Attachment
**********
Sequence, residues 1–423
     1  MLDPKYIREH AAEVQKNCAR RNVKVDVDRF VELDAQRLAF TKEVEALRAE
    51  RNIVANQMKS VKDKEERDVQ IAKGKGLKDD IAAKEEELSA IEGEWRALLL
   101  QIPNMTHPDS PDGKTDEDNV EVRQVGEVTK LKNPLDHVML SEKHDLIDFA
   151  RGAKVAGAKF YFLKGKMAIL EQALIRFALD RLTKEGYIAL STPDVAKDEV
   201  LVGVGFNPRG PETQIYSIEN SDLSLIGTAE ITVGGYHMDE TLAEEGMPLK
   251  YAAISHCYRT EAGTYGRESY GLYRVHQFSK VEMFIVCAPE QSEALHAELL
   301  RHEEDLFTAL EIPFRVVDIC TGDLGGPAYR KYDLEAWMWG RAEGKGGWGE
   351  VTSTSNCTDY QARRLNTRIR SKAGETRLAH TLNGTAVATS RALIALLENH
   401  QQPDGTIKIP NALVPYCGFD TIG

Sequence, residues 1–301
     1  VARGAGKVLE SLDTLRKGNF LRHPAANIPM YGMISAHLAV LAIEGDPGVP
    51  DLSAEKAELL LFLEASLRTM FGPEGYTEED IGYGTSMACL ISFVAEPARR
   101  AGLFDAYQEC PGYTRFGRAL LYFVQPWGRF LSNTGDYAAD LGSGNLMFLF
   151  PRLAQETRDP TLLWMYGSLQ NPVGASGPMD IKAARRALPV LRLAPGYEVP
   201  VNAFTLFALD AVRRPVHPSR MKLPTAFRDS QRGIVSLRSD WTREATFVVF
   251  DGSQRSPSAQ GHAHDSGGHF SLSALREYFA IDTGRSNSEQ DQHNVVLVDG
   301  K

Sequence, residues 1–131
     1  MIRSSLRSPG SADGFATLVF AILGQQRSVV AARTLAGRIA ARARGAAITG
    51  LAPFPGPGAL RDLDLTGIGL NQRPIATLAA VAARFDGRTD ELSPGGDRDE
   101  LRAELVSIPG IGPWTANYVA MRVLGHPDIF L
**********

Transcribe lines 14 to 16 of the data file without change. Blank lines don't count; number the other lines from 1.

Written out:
   101  AGLFDAYQEC PGYTRFGRAL LYFVQPWGRF LSNTGDYAAD LGSGNLMFLF
   151  PRLAQETRDP TLLWMYGSLQ NPVGASGPMD IKAARRALPV LRLAPGYEVP
   201  VNAFTLFALD AVRRPVHPSR MKLPTAFRDS QRGIVSLRSD WTREATFVVF